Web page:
Main index --- Minerals list --- Hardness index Fluorite Fluorite
Name:Fluorite
Derivation:From "fluere" (Latin) to flow
Formula: CaF2
Description: It is usually purple, but can be green, blue or yellow, or even clear. It is transparent or translucent. It can look a little like amethyst, but the surface is softer with lines from the crystals on it. Also the crystals are cubes, unlike the hexagonal quartz crystals.

Fluorite Fluorite Fluorite is used as a flux in smelting metals. It helps the metal ore to melt. This is where the derivation comes from.

The word "fluorescent" comes from the name of fluorite as it is fluorescent. If you look at it under ultra-violet light, it glows.

The sample on the right is Blue John. This is a type of fluorite from Derbyshire, which has bands of purple and white, and sometimes yellow. The name "Blue John" comes from the French "bleu jeune" or blue yellow. Blue John is a semi-precious stone, which has been used to make vases and ornaments since ancient times.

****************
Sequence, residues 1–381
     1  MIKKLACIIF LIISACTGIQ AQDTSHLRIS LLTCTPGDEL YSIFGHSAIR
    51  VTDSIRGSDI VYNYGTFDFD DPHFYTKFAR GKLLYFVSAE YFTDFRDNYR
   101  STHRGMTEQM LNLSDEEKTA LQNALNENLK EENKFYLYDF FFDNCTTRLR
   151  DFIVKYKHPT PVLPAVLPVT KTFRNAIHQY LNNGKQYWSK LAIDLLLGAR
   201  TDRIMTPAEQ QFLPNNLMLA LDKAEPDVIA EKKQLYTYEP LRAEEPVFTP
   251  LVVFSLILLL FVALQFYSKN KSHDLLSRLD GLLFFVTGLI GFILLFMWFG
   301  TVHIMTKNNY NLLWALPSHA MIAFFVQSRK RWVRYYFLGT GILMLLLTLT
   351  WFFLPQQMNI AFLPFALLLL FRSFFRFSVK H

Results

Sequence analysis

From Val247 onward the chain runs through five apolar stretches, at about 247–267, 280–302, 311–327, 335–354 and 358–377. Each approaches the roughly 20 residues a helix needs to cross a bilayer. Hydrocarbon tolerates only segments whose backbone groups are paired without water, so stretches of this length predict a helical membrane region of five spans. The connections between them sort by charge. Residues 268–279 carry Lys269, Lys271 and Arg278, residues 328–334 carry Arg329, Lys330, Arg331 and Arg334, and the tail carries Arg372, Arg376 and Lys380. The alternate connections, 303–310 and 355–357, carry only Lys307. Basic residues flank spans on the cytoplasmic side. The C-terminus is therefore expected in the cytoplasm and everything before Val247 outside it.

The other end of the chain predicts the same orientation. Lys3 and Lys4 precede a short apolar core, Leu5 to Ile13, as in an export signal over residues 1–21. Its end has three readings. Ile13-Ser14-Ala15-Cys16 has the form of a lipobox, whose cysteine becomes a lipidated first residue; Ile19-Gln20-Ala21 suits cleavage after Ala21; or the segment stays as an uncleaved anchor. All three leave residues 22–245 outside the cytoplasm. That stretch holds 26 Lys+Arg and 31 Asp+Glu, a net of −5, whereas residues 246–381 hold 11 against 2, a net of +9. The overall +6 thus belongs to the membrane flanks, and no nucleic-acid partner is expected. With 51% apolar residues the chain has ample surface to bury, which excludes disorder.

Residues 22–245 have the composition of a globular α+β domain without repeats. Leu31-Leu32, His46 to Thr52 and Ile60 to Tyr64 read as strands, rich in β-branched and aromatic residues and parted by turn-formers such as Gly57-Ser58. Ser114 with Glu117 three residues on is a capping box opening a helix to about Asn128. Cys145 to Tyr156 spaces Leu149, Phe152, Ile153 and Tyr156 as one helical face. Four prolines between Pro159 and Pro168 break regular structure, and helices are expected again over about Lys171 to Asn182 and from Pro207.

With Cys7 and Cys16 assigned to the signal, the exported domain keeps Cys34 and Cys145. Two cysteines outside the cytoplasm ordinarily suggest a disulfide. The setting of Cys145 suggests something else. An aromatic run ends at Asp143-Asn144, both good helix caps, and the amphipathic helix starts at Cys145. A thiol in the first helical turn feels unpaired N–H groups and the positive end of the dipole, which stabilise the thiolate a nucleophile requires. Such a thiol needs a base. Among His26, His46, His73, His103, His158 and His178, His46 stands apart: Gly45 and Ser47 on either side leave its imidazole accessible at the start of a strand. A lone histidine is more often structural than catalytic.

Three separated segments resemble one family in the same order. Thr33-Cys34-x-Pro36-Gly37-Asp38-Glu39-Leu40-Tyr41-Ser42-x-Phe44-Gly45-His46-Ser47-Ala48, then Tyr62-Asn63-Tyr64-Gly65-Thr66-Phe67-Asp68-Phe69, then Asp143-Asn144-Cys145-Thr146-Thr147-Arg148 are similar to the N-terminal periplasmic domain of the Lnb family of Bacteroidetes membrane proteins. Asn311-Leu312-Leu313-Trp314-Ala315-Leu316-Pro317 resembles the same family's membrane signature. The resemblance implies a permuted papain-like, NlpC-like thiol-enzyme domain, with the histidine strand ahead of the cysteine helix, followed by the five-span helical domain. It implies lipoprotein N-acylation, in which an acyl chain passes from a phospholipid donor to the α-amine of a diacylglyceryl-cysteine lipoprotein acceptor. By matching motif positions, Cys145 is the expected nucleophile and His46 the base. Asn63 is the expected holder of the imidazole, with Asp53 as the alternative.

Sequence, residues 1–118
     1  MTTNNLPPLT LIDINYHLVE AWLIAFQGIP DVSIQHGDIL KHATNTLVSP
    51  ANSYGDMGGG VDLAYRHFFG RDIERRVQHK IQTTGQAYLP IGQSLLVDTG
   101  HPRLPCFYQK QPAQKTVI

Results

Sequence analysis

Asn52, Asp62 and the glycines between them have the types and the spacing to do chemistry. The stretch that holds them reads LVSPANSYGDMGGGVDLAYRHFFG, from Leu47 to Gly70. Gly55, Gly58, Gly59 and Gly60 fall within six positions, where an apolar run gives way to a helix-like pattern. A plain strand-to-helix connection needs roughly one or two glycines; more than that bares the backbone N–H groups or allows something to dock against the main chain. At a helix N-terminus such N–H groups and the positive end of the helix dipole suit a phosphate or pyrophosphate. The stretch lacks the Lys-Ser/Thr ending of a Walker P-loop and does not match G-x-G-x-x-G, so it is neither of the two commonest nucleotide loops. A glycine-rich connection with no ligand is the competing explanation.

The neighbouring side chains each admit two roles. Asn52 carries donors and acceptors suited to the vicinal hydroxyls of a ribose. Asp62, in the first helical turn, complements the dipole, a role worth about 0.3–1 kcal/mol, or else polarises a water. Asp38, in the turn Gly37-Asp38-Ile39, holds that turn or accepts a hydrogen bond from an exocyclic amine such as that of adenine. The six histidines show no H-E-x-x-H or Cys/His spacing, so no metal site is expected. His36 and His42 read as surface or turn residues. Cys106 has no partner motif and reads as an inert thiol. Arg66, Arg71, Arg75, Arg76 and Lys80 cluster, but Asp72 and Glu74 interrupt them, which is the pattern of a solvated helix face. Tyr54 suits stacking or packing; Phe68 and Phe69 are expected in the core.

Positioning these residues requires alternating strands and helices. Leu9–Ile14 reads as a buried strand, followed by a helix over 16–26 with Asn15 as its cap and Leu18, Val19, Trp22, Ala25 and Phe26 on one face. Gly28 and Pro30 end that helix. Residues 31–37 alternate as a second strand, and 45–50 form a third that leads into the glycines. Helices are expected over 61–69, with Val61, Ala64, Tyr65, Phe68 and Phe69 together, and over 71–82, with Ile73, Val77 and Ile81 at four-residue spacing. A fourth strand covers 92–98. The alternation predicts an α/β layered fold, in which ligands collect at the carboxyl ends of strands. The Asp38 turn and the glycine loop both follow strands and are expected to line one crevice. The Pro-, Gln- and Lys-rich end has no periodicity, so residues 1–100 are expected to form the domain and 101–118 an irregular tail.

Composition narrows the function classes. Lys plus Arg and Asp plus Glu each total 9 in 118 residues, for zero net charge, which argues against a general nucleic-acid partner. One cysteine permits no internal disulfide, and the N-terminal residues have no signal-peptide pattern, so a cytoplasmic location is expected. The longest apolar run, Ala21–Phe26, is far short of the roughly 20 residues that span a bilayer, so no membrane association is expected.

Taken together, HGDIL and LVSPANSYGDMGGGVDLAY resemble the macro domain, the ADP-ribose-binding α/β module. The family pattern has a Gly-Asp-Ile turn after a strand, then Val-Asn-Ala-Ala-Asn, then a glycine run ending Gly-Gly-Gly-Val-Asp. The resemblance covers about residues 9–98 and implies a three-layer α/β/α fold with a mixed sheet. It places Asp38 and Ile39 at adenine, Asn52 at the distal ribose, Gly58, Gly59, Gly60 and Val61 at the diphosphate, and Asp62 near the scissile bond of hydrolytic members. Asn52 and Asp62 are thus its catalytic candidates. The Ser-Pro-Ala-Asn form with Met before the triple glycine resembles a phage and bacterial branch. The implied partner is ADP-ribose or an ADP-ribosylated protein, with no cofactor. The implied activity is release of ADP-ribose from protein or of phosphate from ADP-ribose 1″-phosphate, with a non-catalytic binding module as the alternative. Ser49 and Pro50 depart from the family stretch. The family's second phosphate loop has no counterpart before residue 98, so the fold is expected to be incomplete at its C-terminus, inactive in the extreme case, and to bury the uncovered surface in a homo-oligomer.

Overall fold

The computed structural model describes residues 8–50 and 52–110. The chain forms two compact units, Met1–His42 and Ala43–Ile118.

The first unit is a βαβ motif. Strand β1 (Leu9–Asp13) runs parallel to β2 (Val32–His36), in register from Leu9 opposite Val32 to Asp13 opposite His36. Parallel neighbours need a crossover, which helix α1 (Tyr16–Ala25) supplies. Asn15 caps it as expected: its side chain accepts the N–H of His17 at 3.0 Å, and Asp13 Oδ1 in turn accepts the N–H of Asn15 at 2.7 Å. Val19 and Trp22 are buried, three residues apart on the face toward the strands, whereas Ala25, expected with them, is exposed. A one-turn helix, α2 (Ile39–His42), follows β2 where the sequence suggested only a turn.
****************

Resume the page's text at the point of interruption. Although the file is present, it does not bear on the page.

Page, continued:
Larger pictures of Fluorite:

This cluster of crystals shows the uneven surface that you often get with natural fluorite. The white crystals are quartz.

Fluorite

These pale green crystals are cubic.

Fluorite

Here is a single pale blue cystal.

Fluorite

This specimen shows small crystals creating a larger shape.

Fluorite

This is an 'inside-out' crystal, with a cubic outside, and a cubic hole inside.

Fluorite

This specimen is cut and polished to show the pattern of purple and transparent stripes.

Fluorite

This natural specimen shows similar stripes, but also some yellow. It is Blue John (from "bleu jeune").

Fluorite

This cut and polished specimen shows purple and pale green.

Fluorite

This tumbled specimen is blue.

Fluorite

This shows the effect of light through transluscent purple fluorite.

Fluorite

This shows how transparent clear fluorite can be.

Fluorite